Sunday, November 22, 2009

details, details, details

Now I know why the stereotype of artist not having good business practices probably has some truth to it. I've been spending the last few weeks weeding through the minutia of the why's and how to's of setting up an LLC. That's even less exciting than watching paint dry. Then there are the tax reporting issues. I've always filed jointly (with my wife), but now with an LLC and being self employed who knows what the tax attorney will tell us. That's another meeting.

Last week was mostly dealing with liability and property insurance for my many adventures. Seems that insurance companies still don't know what to do with you unless you fit neatly into one of their 'classes' for coverage. Thankfully, with a few phone calls to several groups that specialize in helping 'ceative' groups and individuals, I was able to find agencies that can be creative in setting up coverage for us round pegs trying to fit into square holes.

Fractured Atlas is one of those organizations as well as Springboard For The Arts. Thanks to these organizations I didn't have to spend twice the amount for coverage, and was able to trust that I might actually have a policy that isn't full of loopholes.

Without these organizations to help I can easily see why creatives sometimes avoid doing basic business practices. It isn't that creatives are lazy or ignorant of such... it's just that the business world in many cases just doesn't know how to work with creatives, and translates that into what appears to the creatives as (and in some cases actually is) over charging.

More details...

Last week I had my first test of the "Have Kiln Will Travel" concept. The test class at local high school was a success. This was gratifying since a few months of prep as well as thousands of dollars went into getting ready for the test. The amount of gear and glass going to a site turned into a bit of logistical problem. I ended up with a truckload of 80 gallon tupperware roughneck containers to hold all the stuff (including 6 kilns).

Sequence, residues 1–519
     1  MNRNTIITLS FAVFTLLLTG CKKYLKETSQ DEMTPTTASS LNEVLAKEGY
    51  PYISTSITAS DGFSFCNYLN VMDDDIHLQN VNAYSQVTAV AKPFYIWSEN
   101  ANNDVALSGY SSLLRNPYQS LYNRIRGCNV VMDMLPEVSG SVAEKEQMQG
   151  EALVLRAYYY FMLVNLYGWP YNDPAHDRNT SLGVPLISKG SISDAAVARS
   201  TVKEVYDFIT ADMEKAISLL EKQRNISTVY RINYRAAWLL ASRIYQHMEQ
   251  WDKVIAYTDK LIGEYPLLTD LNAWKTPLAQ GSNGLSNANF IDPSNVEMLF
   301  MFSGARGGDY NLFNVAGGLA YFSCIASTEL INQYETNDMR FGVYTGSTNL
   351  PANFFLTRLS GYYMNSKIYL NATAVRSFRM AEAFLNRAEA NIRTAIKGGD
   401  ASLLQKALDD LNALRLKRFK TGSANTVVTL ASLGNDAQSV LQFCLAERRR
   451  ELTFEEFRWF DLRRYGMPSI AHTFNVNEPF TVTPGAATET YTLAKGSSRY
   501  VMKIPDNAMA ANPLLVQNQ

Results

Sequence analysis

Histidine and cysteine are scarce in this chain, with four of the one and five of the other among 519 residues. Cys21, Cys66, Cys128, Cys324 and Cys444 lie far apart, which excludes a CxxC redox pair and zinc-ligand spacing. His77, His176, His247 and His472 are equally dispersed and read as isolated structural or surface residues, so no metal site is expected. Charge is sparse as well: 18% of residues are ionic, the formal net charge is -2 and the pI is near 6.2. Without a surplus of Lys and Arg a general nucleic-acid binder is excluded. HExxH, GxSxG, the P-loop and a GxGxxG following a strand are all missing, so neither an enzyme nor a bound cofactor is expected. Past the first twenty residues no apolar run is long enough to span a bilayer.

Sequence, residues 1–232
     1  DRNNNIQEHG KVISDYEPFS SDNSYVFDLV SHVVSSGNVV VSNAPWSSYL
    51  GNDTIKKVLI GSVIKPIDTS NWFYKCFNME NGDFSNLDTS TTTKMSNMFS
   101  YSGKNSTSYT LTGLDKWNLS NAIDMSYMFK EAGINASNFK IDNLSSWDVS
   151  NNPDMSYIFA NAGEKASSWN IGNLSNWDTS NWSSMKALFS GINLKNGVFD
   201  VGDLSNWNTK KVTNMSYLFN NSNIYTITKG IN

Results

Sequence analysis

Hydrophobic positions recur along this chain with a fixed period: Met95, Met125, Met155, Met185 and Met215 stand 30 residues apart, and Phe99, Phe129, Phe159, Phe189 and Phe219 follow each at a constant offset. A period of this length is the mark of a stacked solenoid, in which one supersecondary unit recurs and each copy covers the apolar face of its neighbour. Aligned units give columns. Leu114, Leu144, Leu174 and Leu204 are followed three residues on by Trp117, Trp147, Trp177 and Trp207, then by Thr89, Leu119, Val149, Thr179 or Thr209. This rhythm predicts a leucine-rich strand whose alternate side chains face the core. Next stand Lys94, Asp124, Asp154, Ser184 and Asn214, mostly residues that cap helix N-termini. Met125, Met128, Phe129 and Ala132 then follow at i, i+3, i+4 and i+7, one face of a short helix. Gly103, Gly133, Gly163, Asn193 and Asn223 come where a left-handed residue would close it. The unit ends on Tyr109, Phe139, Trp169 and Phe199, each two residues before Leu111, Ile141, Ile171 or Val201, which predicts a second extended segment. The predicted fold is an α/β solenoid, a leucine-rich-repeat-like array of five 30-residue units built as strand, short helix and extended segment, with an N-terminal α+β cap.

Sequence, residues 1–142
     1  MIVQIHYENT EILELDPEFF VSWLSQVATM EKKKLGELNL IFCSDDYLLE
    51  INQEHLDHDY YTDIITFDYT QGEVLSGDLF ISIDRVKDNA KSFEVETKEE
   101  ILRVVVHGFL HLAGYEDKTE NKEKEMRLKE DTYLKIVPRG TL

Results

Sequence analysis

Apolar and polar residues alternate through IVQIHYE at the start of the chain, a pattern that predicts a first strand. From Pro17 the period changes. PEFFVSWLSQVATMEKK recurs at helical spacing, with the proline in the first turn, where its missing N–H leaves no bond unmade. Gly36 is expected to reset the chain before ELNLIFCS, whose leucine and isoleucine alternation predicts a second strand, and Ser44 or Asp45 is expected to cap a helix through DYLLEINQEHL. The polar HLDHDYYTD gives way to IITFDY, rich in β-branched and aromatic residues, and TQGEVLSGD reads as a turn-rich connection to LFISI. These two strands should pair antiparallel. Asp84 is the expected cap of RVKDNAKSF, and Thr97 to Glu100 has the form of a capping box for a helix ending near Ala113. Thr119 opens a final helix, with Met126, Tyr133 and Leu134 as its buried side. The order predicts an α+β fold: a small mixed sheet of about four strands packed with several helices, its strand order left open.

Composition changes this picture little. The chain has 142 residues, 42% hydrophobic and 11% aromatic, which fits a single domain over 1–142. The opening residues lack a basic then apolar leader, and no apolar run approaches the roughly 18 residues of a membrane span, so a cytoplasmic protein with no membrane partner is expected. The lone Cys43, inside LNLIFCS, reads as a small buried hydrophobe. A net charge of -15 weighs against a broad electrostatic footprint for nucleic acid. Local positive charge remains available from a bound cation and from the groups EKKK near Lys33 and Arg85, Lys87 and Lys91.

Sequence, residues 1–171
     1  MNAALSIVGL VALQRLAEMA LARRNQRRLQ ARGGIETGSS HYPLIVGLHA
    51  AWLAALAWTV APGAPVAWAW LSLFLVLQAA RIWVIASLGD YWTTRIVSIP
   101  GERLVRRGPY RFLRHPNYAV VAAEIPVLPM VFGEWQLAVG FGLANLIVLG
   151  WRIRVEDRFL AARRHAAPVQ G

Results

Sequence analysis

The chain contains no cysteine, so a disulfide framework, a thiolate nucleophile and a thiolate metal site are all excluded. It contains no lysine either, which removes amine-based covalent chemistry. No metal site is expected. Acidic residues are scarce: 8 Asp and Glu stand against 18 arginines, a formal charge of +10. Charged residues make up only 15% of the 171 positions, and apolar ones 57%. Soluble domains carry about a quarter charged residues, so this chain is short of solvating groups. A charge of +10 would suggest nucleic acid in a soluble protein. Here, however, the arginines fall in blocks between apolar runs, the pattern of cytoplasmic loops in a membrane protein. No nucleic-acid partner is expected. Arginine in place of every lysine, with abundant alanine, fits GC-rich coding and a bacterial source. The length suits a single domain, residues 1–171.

OK... now what. Do I have to load, then unload the truck full of gear after every event? No way! I just want to keep it locked up in my truck when I'm at the studio. Which means that I have to buy a set of equipment that is dedicated just for Have Kiln Will Travel and not for studio use. OK, no problem. But the gear must be covered and secured. So that means a $1500 topper for my truck!

Yikes! How many thousands am I going to pour into this?

Well, thankfully I think I'm done with all the major expenses. Now I'm off to create the web site for Have Kiln Will Travel, and I'll do most of that myself. I might call in a Flash expert to do a little work, and hopefully it won't cost too much.

It is ofen said that it takes money to make money... I guess that is even true when you are doing fund raising.

Wednesday, November 11, 2009

A Have Kiln Will Travel Update

Nothing is ever simple with me. I'll bend twist and turn an ideal inside out until either it is dead or something unexpected comes to mind. The Have Kiln Will Travel concept hasn't even been implemented yet, and I can already see it working in multiple forms.

The original idea was to teach at Community Ed centers. Shortly there after came the idea of doing it at art centers throughout my region, and now the third form of the idea has me really reeling with possibilities.